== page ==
However, despite the high quality crop, millers are reporting poorer baking characteristics which is affecting gluten, compared with last year. "Fewer of the Group 2 varieties in particular are meeting the full spec for breadmaking," explains Mr Whitlock. In the future, this is likely to lead to an increase in the area of Group 1s and 3s grown, he predicts.
Diseases in many areas were up on last year thanks to a wet spring. But not at Morley Research Centre, where farm manager Andrew Thurston used a full three-spray fungicide programme on his 112ha of wheat to keep eyespot and septoria at bay. "We used both strobs and triazoles and about 5% of our straws were green at harvest – but this is not as bad as two years ago," he says.
First wheats performed well and on a par with the five-year average. Best performer was Claire with 9.9t/ha, grown following oilseed rape. Other varieties (Consort, Madrigal and Riband) brought the average down to 9.4t/ha. But second wheats were disappointing, notes Mr Thurston.
Robert Bull, farm manager at ADAS Bridgets, also paid the price of using strobilurin chemistry. "Amistar applied in June led to some very green trash which our combines didnt like," complains Mr Bull. However, yields from first wheats – Soissons and Malacca and second wheat, Consort, were up by half-a-tonne on their five-year average. "I put our success down to introducing a forage break crop and regular applications of farmyard manure within the rotation," says Mr Bull.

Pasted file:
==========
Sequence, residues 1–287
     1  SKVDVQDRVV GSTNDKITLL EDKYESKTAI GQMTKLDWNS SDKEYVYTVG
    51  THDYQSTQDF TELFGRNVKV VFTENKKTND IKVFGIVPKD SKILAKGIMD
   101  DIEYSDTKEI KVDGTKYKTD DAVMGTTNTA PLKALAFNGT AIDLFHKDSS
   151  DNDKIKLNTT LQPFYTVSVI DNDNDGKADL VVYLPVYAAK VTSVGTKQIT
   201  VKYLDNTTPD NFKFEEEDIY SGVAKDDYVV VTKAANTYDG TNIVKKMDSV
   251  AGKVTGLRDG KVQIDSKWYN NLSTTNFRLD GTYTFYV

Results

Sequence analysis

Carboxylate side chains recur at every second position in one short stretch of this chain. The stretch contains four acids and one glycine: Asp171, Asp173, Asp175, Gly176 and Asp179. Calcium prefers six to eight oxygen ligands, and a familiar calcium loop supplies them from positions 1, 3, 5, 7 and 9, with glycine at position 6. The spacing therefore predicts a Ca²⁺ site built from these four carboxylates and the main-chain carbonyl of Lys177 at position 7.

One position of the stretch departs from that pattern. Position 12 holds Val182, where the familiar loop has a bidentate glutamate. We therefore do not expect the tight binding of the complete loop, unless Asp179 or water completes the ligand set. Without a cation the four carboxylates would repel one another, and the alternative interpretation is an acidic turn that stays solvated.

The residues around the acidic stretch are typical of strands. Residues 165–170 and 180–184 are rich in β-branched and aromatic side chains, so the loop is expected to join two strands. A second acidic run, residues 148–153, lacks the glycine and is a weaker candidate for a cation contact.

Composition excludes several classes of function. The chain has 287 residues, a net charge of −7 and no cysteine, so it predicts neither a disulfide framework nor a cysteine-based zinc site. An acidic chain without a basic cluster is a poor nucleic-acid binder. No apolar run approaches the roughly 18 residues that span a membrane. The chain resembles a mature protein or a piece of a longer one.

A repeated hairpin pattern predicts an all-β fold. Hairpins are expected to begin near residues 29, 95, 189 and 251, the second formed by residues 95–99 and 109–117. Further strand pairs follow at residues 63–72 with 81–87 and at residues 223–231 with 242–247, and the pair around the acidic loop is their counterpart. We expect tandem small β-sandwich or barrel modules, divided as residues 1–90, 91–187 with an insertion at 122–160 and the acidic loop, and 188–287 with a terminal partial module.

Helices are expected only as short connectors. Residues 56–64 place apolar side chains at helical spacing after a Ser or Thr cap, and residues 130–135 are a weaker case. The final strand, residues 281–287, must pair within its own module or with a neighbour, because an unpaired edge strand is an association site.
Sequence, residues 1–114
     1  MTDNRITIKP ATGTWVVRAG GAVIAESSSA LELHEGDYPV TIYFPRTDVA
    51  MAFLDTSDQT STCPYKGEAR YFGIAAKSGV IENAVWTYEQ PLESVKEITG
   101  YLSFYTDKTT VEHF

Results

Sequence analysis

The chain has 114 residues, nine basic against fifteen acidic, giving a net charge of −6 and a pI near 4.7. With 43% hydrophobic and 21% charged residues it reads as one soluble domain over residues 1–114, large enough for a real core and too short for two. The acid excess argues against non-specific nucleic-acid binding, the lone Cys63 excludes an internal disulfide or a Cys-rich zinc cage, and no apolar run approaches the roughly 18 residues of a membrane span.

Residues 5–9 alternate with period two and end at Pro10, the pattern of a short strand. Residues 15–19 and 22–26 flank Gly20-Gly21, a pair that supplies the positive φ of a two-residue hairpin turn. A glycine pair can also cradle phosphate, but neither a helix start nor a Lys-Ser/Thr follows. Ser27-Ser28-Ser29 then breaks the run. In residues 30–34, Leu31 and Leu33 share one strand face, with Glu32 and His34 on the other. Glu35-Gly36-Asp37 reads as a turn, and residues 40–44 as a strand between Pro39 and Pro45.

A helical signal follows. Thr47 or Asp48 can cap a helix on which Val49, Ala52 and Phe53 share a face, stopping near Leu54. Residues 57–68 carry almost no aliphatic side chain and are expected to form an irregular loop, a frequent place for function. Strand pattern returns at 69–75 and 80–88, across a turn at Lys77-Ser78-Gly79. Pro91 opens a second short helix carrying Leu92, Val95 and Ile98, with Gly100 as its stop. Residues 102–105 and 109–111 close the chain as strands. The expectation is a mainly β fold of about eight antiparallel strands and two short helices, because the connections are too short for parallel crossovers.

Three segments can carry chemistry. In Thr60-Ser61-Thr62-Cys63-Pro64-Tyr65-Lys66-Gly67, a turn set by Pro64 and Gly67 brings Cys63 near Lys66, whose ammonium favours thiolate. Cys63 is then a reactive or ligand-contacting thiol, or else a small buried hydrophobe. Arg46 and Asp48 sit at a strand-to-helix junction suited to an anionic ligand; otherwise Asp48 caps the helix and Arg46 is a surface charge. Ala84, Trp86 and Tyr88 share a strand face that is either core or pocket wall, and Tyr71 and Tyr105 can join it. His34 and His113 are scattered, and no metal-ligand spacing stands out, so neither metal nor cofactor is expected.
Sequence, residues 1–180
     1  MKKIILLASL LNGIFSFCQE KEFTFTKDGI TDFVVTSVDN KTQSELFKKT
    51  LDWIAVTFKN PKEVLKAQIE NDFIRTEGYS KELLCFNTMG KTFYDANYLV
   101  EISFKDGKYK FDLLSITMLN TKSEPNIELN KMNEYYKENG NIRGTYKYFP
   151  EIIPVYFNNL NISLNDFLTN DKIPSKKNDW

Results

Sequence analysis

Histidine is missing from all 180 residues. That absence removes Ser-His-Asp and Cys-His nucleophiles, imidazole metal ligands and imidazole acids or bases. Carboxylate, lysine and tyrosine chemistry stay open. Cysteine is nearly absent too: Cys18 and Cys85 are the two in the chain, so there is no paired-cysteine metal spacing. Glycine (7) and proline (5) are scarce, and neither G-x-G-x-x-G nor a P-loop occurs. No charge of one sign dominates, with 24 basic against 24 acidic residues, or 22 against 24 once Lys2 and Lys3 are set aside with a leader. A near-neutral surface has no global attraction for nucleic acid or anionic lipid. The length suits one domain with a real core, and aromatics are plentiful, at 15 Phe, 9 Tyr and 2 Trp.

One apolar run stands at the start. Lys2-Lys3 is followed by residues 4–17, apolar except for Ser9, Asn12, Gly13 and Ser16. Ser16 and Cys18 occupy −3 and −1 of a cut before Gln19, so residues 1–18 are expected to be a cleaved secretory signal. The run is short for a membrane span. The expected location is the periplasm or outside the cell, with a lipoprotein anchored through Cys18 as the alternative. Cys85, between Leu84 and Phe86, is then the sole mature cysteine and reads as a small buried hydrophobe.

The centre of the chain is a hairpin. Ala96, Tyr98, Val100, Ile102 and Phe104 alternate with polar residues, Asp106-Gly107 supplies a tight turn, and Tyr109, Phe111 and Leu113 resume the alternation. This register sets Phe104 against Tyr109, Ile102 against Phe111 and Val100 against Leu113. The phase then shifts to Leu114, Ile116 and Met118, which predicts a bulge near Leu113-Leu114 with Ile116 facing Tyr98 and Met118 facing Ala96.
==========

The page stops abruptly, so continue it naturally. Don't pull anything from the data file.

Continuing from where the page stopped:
Disease also threatened yields. Take-all pulled Malacca down to 7.7t/ha on some fields, while threshold levels of eyespot went unnoticed in one field, bringing yields down to 6t/ha.
Soissons came out on top for specific weight with an average of 81kg/hl and Malacca and Consort were a reasonable 78 and 76 respectively.
Protein contents however, were disappointing. "Proteins will not be high enough to get the price I was hoping for; weve sold through a co-operative so I will just have to wait and see what we get," says Mr Bull.
Soil compaction put the lid on yield potential at ADAS Rosemaund. Wheat yields dipped 5% below their three-year average. "Our heavy clay loams are continuously under trials, so getting the subsoiler in is difficult," explains farm manager John Hodge.
Weeds also limited yields – particularly cleavers and wild oats. Consort, Equinox and Savannah were grown on 55ha: "Our wheat never looks that special but protein was down to 9% which was a real disappointment," says Mr Hodge.